Foto von Gruppe ausländischer Studierender im Park (PantherMedia / Ryann Flippo)

In Germany, it is usually not hard to find medical help if you become ill. There is an extensive network of easily accessible places to go for treatment. Health insurers cover most treatment costs, and the vast majority of people have health insurance.

But it is still not that easy to navigate the German health care system. This was the impulse behind creating this information on health care in Germany: to provide a general overview of the system as a whole and also offer a practical guide. It is mainly aimed at people from other countries who are living and working in Germany – whether they are here for a short time or permanently. Being prepared in case you become ill and knowing where to turn help ensure you get quick treatment.

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Health insurance

Insurance coverage is compulsory in Germany, which means that everyone must have health insurance. The aim is to ensure that no one runs into financial difficulties due to an illness. If you are insured, you typically pay none – or only a reasonable part – of the treatment costs and are also insured against lost earnings.

Employees who earn a gross salary below a specific threshold must join a statutory insurer. If you earn more, you can choose to have private insurance.

Health care is mostly financed through the premiums paid by insured employees and their employers. The premium is based solely on income, but everyone with statutory insurance is entitled to the same health care – regardless of how high their premium is.

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Outpatient treatment

In Germany you can decide for yourself which doctor, dentist or psychotherapist you want to visit. For their part, doctors are obligated to treat anyone who is insured.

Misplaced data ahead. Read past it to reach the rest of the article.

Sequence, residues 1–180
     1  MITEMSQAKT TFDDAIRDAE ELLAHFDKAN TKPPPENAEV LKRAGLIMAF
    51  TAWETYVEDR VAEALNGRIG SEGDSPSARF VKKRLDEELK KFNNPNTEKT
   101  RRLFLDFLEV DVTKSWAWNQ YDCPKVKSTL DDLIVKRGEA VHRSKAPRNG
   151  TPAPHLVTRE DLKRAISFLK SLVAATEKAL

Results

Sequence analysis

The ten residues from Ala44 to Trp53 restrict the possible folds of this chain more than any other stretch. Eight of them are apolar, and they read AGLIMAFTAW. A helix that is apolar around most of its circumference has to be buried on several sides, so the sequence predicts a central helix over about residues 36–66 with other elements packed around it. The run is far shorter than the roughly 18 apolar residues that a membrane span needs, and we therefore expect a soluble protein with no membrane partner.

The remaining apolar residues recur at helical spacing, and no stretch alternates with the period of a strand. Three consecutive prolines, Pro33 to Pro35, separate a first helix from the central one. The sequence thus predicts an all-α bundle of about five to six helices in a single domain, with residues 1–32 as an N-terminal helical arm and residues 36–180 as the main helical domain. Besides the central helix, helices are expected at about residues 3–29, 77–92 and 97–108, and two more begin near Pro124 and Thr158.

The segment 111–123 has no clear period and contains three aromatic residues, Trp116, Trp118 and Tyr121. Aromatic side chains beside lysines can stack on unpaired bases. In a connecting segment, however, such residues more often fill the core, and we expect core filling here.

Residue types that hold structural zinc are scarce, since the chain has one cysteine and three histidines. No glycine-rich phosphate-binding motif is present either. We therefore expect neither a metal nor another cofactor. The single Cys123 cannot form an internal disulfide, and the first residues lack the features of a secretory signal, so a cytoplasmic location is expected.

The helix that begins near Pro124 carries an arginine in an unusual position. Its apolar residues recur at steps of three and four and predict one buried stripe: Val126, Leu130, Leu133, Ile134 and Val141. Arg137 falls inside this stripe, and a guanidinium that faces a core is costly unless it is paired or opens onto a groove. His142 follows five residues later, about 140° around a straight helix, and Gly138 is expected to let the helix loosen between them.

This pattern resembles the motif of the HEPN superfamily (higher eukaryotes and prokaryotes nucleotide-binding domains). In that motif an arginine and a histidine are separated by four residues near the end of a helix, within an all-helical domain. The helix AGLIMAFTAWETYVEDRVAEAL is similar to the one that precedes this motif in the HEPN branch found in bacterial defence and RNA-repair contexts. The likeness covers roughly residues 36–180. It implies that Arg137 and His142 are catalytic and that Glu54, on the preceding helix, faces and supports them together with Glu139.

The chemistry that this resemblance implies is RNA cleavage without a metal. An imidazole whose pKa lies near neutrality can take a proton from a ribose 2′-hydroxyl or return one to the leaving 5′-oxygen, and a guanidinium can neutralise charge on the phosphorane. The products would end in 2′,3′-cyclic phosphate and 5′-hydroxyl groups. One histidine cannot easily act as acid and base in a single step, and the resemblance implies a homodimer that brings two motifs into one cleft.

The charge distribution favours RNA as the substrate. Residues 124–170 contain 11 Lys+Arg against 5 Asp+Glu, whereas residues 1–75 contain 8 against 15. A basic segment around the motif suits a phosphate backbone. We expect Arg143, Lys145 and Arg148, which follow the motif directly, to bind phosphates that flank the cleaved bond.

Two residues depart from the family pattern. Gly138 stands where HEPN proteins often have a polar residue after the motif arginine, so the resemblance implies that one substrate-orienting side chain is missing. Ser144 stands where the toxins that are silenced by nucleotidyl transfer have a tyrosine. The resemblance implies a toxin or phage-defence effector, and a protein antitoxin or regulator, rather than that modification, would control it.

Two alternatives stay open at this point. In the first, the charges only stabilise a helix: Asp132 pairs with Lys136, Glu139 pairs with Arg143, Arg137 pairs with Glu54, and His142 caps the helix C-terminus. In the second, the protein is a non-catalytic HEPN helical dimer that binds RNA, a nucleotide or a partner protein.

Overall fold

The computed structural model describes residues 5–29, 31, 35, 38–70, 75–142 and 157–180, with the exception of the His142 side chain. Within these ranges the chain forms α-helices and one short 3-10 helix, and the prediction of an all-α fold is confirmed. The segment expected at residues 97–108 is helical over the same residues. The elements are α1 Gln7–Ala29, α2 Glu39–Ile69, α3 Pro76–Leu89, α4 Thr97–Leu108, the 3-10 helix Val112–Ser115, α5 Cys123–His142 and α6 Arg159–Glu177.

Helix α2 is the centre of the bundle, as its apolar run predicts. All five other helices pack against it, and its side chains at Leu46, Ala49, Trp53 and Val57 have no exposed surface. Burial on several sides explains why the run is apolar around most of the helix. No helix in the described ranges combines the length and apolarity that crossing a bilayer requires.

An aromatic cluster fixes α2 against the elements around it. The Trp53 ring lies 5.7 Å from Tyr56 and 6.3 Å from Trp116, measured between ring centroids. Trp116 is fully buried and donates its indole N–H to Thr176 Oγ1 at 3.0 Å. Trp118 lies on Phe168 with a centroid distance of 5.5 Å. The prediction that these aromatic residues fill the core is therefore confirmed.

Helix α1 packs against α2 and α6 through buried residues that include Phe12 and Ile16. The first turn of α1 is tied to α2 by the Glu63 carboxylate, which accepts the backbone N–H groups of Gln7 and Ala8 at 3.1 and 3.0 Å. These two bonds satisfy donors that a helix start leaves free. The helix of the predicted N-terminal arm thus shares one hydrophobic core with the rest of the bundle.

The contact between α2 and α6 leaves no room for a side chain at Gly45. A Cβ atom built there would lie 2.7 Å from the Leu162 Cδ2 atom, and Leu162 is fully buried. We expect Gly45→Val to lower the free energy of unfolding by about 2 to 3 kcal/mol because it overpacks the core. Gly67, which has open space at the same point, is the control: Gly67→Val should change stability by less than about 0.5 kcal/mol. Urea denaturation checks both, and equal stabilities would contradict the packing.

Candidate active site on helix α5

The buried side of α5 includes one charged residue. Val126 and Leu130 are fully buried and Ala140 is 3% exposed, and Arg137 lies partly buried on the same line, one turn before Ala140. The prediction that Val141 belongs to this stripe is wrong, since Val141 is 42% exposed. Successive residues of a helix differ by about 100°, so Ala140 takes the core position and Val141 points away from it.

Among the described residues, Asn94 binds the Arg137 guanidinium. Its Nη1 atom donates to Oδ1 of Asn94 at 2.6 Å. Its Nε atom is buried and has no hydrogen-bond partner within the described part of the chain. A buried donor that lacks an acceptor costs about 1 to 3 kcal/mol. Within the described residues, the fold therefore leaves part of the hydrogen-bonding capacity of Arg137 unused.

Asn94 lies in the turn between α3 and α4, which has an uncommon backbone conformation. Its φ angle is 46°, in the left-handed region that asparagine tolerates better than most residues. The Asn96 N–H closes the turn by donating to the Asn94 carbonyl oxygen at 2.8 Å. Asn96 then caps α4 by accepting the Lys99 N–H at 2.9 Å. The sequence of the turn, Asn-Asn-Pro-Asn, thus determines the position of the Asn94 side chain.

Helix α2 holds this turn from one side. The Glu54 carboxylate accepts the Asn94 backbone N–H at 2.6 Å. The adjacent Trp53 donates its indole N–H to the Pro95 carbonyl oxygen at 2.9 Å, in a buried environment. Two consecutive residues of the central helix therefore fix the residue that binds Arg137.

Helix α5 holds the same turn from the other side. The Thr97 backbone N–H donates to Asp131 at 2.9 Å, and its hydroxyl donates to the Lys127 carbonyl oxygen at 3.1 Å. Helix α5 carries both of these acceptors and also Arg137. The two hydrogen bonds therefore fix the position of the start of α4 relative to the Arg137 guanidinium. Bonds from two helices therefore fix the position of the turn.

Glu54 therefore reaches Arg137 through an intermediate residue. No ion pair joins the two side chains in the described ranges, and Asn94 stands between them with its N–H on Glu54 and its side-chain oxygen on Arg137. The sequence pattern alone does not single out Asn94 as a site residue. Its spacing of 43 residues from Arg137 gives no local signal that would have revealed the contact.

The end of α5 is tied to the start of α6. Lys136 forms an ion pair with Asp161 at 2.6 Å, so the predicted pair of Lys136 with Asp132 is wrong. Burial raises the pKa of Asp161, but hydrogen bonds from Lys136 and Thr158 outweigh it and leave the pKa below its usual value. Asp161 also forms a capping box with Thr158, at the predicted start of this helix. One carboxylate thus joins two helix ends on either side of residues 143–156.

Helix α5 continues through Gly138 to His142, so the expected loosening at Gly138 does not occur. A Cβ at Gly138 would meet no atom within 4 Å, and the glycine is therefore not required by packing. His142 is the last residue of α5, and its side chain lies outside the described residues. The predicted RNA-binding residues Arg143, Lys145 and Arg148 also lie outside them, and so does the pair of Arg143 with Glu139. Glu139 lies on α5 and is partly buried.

The family doctor (Hausarzt) or pediatrician (Kinderarzt) is usually the first stop for people who are ill or have other health-related problems. The doctor can decide whether they can provide treatment on their own or whether a specialist should be consulted.

If that is the case, you can be referred directly to a specialist, such as a gynecologist or a dermatologist. It is also possible to go straight to a specialist or psychotherapist without seeing your family doctor first.

In an emergency such as an accident or a life-threatening event like a heart attack, emergency services can be reached by dialing 112.

In addition to doctors and dentists, there are a number of other health care professionals, including physiotherapists, speech therapists, nurses and midwives. You will usually need a doctor’s prescription for physiotherapy, speech therapy or home care.

Most medical and dental practices have what is known as a “Kassenzulassung” (statutory health insurance accreditation). This means that they can treat people who have statutory health insurance, and the treatment costs will be covered by the insurer. The only thing practices need is your insurance card, so they can check you are insured and then charge your insurer directly. The statutory insurers pay fixed amounts for some services such as dental prosthetics. Any additional costs must be paid out-of-pocket and depend on the type of dental treatment. Adults also usually need to make a copayment for outpatient physiotherapy or speech therapy.